la coqueta menú

I liked the look of the menú del día (above – typically chalked in Catalan, on a blackboard outside), the place was busy and our hosts were genial.

la coqueta interior

The shape of the bar is typically Catalan/Spanish – it’s a long thin space with windows in the door. This is to keep the heat out during the long hot summer. There are several tables outside under a large red umbrella, but it was windy, so we sat inside.

baked apples

As we sat down, I couldn’t help noticing some delicious looking baked apples on the counter.

vi rosat

Vi rosat was ordered, como siempre! This was the house wine and was quite drinkable.

amanida amb tomàquet i mozzarella

Nookie ordered amanida amb tomàquet i mozzarella as her starter –  mozzarella and tomato salad.

creme de carbassa, sálvia

Julia had creme de carbassa, sálvia – cream of pumpkin soup with sage.

hummus de pèsols amb torradetes

I had hummus de pèsols amb torradetes – pea hummus salad with home made toasted rusks.

risotto de bolets

Julia ordered risotto de bolets as her main course – a mushroom risotto. This is becoming a popular dish in Cataluña, using local mushrooms and rice from the Ebro Delta.

bullit de verdures

Nookie ordered bullit de verdures – mixed, boiled vegetables, sprinkled with almonds. I noticed a bit of vegetable and risotto sharing going on between my companions.

brinsa de vedella a la planxa

My main course was brinsa de vedella a la planxa, served with fried potatoes and onions – brinsa (or entraña in Spanish) is a cut of veal, from the diaphragm muscle (there are two per animal). It used to be discarded, but an influx of Argentinian and Uruguayan restaurants have made it popular. Brinsa is intensely flavoured and as part of a muscle, must be cooked fast on a hot grill or braised slowly (to stop it becoming tough). Here it was cooked on the plancha with a chimichurri sauce. It was quite tender and delicious – I’d definitely order it again!


For pudding, Julia ordered cherries.

pom al forn

Nookie and I both ordered pom al forn – those fabulous baked apples, I noticed on my way in.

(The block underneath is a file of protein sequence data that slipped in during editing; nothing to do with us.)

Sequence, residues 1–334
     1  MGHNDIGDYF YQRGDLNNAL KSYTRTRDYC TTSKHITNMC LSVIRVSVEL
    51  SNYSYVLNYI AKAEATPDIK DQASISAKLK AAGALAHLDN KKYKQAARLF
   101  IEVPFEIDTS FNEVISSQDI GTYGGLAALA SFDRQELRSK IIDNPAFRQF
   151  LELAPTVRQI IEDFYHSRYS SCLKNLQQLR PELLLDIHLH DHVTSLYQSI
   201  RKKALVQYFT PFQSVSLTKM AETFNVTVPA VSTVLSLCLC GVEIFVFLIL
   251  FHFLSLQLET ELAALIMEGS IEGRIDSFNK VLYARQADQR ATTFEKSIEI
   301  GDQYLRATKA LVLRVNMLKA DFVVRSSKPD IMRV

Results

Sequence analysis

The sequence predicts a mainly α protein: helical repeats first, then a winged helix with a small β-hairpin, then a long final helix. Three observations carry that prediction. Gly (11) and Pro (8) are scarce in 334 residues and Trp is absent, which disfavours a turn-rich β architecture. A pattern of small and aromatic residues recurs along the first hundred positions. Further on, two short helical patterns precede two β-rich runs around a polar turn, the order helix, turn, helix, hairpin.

No lunch is complete without a carajillo de cognac, for courage and an energy boost – I had a lot of food shopping to do later on.


As you can see, the bill for three of us came to €39.20. We were very well looked after here and I will definitely be coming back.

La Coqueta is at: Carrer de Tamarit, 101, 08015 Barcelona.

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Restaurante Marisqueria Pepet


On Tuesday we had to pick up a parcel from the neighbouring town of Pineda de Mar. Like most of the towns in Maresme, Pineda is joined to Calella – the conurbation from Barcelona up the Mediterranean coast towards France goes on for miles. Most towns are half a dozen or so streets deep, between the sea and the mountains. We thought we’d profit from the excursion by having lunch somewhere different.


Restaurante Marisqueria Pepet is a stylish fish restaurant, which is celebrating it’s 30th anniversary this year.

I took one look at the prepared fish

along with the fresh fish and meat fridges and knew we’d eat well here.

pepet menú del día

There were quite a few things I fancied on the menú del día, which was reasonably priced at €15, for 4 courses including wine.

vi rosat

We ordered the house vi rosat, which came in a carafe, but was nonetheless, a very drinkable wine.

llonganissa i olivas

First of all came little plates of llonganissa i olivas (a cured Catalan sausage [also known as salchichón in Spanish] with olives)

braves amb all-i-oli

and braves amb all-i-oli (boiled potatoes with a garlic and olive oil emulsion). These are unusual, as patatas bravas are normally fried and served with a picante sauce.

pa rústic

The bread is worth a mention here – it’s a lovely pa rústic with a good crust.

còctel de gambes

Oli ordered a còctel de gambes (a superior prawn cocktail, complete with endive bunny ears).

combinat de navalles i zamburinyes

I had the combinat de navalles i zamburinyes planxa (deliciously sweet baby scallops and razor clams, cooked on a griddle).

combinat de peix planxa

Oli’s main course was the combinat de peix planxa (combined fish [hake and sole] cooked on a griddle and served with potato and tomato).

plat mariachi

Mine was the plat mariachi – pop brasa, xoriço i morcilla (a beautifully tender octopus tentacle, on deep fried potato sticks with a chorizo and morcilla).

assortit d’fruita

We both ordered the same pudding, assortit d’fruita natural, taronja, meló i pinya (assorted natural fruit – apple, melon and pineapple). Our waiter had us sold on the dish, when he mentioned that it came with spiced rum!


Naturally, I had a carajillo at the end …to give me the energy to walk home.

la factura

Our bill came to €36 including coffee – I can definitely envisage coming back here!

Restaurante Marisqueria Pepet is at: Av. Montserrat, 43, 08397 Pineda de Mar